SYNOPSIS:  Trouble is brewing in Atlantis, but Aquaman and Mera are nowhere to be found!  Instead, they are recovering from a recent attack while Mera attempts to make sense of the events of the last several hours.

This story.  I'm honestly sad I came into it in the middle.  Even with the recaps, you really only get just enough information to help you get a vague idea of what is going on.  It's not hard to follow, but you feel a little out of the loop, almost like somebody trying to explain an inside joke shared between two friends to a third friend who is unfamiliar with the joke.  Skeates is writing a really fun and interesting story about an uprising in Atlantis and Aquaman and Mera being kept away from the political upheaval.  It's just the exact opposite of the one-and-done stories that appear in this issue.  Granted the Challengers story was the end of a two-parter but even then you got the feeling that it could be read solo and still work.  This...just feels out of place.  However, it is extremely well done for what it is and leaves the reader hungry for more.

The art is simply pure wonderful Aparo.  I object to the way Mera looks on that first splash page.  Her expression is simply too comical for my taste.  It's not meant to come across that way, but it does.  If you can manage to just turn the page, you will be treated to Aquaman and Mera by a man who knows how to draw them in amazing detail.

"The Mighty Marvels Join Forces!"
WRITER: Otto Binder
INKER: C. C. Beck
COLORIST: Nansi Hoolahan
LETTERER: unknown

SYNOPSIS:  Black Adam is returning to Earth after a 5,000 year journey through space.  He is eager for revenge against the wizard Shazam.  Will the combined might of the Marvel Family be enough to stop him?

This is mostly an excuse for Binder to recount the origins of the various Marvels.  Nothing wrong with that. It is great for newer readers to be able to understand what is going on.  However, it takes up a lot of the space in the story.  Plus, a personal quibble I had with the story comes form the wizard Shazam.  The wizard is crushed by a rock during Billy's origin and can reappear in a ghostly form if summoned.  But Shazam is also the one narrating the story by chiseling it into the Rock of Eternity.  I realize continuity isn't a big deal in Golden Age stories like this, but really?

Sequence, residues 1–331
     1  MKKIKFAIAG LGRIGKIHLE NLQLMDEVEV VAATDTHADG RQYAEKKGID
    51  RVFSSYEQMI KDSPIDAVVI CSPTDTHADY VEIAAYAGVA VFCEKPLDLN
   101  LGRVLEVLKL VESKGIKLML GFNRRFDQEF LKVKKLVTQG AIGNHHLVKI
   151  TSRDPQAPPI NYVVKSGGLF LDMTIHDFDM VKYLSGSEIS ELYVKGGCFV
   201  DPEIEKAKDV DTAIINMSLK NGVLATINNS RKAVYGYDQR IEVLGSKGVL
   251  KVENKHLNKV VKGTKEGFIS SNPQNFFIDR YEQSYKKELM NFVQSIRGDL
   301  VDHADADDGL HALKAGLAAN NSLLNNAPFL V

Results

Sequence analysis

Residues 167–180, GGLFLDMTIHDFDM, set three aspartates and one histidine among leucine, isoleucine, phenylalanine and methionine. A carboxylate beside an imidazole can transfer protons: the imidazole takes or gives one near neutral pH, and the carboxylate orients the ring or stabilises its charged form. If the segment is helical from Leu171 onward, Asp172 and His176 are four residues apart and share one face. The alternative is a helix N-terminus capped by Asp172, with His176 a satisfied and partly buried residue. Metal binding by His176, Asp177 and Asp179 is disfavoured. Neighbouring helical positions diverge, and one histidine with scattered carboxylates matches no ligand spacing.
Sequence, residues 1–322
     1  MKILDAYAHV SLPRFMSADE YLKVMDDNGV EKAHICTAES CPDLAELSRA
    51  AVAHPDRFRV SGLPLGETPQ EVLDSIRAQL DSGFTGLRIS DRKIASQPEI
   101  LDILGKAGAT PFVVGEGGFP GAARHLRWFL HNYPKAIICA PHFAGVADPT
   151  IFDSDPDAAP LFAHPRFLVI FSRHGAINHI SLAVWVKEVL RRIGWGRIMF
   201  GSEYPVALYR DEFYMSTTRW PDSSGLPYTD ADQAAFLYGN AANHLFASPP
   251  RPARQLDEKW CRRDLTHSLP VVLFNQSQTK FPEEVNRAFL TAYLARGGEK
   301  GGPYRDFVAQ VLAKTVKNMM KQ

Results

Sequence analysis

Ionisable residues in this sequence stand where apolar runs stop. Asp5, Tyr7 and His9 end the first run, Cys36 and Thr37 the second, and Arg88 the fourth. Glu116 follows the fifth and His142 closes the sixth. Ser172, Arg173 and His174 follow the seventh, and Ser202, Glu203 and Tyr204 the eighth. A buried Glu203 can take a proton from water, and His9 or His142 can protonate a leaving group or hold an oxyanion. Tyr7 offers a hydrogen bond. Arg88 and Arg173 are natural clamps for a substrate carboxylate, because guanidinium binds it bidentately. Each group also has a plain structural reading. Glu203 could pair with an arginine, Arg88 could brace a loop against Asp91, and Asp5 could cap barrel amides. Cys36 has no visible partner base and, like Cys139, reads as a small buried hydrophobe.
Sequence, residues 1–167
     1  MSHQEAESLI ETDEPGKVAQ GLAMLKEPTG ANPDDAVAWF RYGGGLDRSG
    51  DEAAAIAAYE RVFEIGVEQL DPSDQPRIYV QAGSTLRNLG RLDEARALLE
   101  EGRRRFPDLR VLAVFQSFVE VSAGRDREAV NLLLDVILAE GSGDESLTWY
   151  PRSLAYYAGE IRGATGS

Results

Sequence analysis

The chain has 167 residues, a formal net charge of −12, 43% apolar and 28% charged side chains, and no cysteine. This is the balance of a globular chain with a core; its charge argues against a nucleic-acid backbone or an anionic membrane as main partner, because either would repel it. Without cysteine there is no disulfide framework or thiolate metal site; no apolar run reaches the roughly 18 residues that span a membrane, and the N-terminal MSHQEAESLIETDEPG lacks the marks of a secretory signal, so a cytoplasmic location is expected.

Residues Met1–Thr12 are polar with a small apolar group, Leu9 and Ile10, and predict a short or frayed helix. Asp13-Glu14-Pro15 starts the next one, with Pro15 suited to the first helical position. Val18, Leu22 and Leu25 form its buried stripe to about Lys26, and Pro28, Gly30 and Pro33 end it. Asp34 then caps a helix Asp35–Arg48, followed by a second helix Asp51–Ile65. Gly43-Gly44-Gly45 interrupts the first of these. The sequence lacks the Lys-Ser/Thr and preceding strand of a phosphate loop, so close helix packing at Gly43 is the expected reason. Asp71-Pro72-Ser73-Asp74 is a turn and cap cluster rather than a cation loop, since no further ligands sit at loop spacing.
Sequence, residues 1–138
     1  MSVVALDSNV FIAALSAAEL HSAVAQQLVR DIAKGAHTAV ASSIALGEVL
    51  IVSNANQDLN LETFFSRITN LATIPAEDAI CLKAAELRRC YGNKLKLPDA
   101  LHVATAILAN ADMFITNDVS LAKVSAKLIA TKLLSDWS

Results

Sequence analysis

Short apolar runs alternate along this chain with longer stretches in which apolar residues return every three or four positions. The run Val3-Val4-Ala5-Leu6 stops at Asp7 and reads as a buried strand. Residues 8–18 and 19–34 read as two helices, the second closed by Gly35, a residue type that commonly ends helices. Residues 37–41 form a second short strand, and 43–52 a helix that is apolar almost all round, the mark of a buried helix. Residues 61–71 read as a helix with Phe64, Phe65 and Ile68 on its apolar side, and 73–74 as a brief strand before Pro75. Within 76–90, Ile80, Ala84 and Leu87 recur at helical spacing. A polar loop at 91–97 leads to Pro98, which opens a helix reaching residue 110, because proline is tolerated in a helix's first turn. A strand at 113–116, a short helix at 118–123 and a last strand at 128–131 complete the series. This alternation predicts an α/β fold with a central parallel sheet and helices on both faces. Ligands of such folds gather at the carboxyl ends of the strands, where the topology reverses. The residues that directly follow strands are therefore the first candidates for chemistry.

The highlight of the story, aside from the arrival of Black Adam, is that the powerless Uncle Marvel actually tricks Black Adam into saying SHAZAM and thereby transforming back into Teth-Adam.  Being 5,000 years old, Teth-Adam crumbles to dust almost instantly.  Pretty dark for a fun kids' book from back in the day.  Also fairly short-sighted as Black Adam proved to be highly popular and would return again and again.

Beck's art is always beautiful.  Keep in mind this is a reprint from 1940, so it is very much Golden Age art.  However, even with those "failings" it still comes across as good art.  I'm a sucker for Golden Age comics, especially when it comes to the art regardless of its simplicity.  Captain Marvel stories in particular are great examples of the art of that era and this gives you an grand view of the entire Marvel Family, plus Black Adam.  If you are even a mild fan this is worth more than a cursory look.

"The Face Behind the Lead Mask!"
WRITER: Jerry Siegel
INKER: George Klein
COLORIST: Gene D'Angelo
LETTERER: Milt Snapinn

SYNOPSIS:  A masked figure appears to challenge Superboy and the Legion members.  He is able to negate their attacks against him with ease.  Who is this masked man and what hope does the LSH have against a foe who has a way of eliminating even the mighty Superboy?

The man behind the mask is a Lex Luthor robot!  Who would have guessed?  Well, probably everybody but me.  I was actually hoping for a way-too-early appearance of Ferro Lad.  Hopes shot down quickly, I suppose.